Two others joined us: Fred Bucklin, also an at-large member of Knox County Republicans, is a former real estate appraiser, and his wife, Victoria Bucklin, is a former school teacher. The couple moved to Maine from Massachusetts in 2011, but Fred has lifelong ties to the state, and Victoria grew up in Camden, where they now reside.

The conservative opinions of the Another View crew are wide-ranging, as many of you might surmise from their commentaries.

For Ken, his concerns center on “an overly intrusive government at the state and national level.”

Paul said, “The national level is an umbrella that colors a lot of what we write about.” But in terms of Maine, his concerns are focused on the quality of education. “Education is the key to whether your population stays around or goes away,” he said.

Jan feels strongly about the Supreme Court. “We need to keep the Constitutional approach instead of it being a ‘living document’ like liberals want.”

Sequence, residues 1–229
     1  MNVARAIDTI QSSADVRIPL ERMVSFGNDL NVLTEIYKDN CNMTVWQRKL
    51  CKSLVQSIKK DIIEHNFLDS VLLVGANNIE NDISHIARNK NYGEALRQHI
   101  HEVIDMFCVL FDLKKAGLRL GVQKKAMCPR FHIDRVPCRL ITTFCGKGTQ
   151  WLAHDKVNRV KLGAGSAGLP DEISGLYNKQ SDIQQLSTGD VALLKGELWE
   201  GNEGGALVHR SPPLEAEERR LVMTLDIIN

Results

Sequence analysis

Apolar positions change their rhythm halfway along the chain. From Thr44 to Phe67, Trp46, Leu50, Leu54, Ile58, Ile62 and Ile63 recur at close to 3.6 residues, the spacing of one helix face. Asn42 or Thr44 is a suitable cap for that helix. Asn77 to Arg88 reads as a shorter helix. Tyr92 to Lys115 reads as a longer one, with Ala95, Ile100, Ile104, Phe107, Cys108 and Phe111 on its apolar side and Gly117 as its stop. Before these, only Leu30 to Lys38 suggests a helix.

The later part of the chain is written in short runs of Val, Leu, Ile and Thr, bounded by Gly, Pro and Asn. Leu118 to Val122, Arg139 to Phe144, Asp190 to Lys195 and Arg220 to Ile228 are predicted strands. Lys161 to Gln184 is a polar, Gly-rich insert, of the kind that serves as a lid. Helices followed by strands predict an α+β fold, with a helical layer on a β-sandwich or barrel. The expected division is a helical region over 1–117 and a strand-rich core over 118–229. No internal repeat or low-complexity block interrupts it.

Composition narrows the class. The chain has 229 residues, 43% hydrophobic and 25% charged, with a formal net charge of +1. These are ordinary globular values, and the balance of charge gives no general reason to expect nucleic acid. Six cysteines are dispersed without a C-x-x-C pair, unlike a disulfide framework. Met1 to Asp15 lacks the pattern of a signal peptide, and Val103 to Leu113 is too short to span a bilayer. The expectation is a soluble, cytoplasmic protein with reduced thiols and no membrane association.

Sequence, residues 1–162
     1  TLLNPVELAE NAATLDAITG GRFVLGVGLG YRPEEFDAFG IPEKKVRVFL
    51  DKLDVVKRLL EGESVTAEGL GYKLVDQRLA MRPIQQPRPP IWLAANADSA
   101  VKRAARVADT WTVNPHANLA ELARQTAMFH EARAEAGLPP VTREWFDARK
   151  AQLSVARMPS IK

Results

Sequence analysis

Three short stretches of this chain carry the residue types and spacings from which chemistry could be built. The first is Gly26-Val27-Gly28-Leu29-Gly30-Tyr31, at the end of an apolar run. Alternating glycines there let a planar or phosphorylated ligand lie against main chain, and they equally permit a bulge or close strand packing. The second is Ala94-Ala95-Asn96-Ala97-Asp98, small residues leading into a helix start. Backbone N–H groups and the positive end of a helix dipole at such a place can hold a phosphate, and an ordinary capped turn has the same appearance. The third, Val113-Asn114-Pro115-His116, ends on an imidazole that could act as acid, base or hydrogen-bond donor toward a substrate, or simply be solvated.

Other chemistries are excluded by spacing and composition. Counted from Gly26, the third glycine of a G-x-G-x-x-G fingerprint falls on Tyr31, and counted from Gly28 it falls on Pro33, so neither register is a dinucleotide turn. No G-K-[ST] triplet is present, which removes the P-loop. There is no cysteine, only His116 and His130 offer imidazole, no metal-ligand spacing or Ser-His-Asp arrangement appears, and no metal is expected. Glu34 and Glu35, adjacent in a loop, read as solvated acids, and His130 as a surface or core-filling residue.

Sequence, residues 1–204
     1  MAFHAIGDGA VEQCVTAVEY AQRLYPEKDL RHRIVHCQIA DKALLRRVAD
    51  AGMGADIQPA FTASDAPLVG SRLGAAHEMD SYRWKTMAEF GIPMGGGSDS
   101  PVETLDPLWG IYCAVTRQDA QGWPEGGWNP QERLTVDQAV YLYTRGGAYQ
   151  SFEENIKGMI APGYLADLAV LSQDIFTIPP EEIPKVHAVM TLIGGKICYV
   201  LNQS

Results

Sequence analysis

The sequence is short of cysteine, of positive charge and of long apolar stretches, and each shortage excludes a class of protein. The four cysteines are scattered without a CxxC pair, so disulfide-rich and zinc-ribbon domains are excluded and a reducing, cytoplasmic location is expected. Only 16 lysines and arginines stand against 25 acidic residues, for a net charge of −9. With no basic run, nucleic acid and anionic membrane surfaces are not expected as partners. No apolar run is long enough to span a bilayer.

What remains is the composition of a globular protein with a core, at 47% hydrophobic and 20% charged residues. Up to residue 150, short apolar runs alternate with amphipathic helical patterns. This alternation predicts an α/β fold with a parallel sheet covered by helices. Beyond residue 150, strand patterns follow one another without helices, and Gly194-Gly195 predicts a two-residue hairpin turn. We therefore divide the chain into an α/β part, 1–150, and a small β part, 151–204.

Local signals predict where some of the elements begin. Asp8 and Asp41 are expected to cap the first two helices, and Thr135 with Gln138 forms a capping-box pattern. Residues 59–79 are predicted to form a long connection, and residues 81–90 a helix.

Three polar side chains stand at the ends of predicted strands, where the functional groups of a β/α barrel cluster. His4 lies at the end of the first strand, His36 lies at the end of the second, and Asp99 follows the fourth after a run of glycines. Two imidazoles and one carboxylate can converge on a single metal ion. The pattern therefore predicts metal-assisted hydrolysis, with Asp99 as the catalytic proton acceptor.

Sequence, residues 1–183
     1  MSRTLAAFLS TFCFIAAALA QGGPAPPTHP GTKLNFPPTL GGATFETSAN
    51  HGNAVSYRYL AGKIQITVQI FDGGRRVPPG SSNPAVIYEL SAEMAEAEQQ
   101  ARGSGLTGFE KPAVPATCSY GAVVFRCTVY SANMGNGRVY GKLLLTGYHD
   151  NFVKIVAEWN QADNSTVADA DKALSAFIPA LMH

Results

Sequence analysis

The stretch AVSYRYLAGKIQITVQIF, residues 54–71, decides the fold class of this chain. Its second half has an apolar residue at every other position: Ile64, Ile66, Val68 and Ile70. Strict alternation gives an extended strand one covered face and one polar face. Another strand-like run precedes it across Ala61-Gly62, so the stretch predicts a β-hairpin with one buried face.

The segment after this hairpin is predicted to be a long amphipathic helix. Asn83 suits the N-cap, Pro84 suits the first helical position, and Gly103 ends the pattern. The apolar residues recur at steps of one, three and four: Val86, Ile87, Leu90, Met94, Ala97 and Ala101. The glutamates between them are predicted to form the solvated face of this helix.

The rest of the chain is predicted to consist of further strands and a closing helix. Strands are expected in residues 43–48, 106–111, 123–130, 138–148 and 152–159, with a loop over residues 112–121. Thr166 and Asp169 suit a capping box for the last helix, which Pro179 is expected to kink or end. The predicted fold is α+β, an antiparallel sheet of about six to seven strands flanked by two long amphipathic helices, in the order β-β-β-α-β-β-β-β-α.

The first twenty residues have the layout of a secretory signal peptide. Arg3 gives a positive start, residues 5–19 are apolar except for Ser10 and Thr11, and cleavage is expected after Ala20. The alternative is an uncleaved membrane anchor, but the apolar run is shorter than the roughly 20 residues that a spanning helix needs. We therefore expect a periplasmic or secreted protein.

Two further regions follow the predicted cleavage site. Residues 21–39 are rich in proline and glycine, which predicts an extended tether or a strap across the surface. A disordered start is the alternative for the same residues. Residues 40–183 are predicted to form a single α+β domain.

For Dale, he worries about what he regards as an attack on the Bill of Rights, mainly the First and Second Amendments. “Diversity,” he said, “excludes Christianity.”

The group gets together every week to talk about these issues and others. I was happy to join them for breakfast and listen to their ideas and beliefs. It’s always good to put a name to a face, and interact in person.

I was reassured that each and every one of them expressed a desire for Another View to avoid any sort of finger-pointing and name-calling, and to instead be “issues focused.”

“It’s amazing, when you get down to the issues,” Ken said, “there is disagreement, mainly over the solution or the cause, but people can agree that something needs to be done.”

He followed up after our meeting with an email that furthered his sentiment, “I can’t overstate my conviction that Maine people are far, far less ‘divided’ than we are told we are. The shame of it is that we no longer attend community events where we are aware we’re talking to people we will see again and again and whom we value as either friends or at least colleagues over being ‘right’ or ‘winning’.”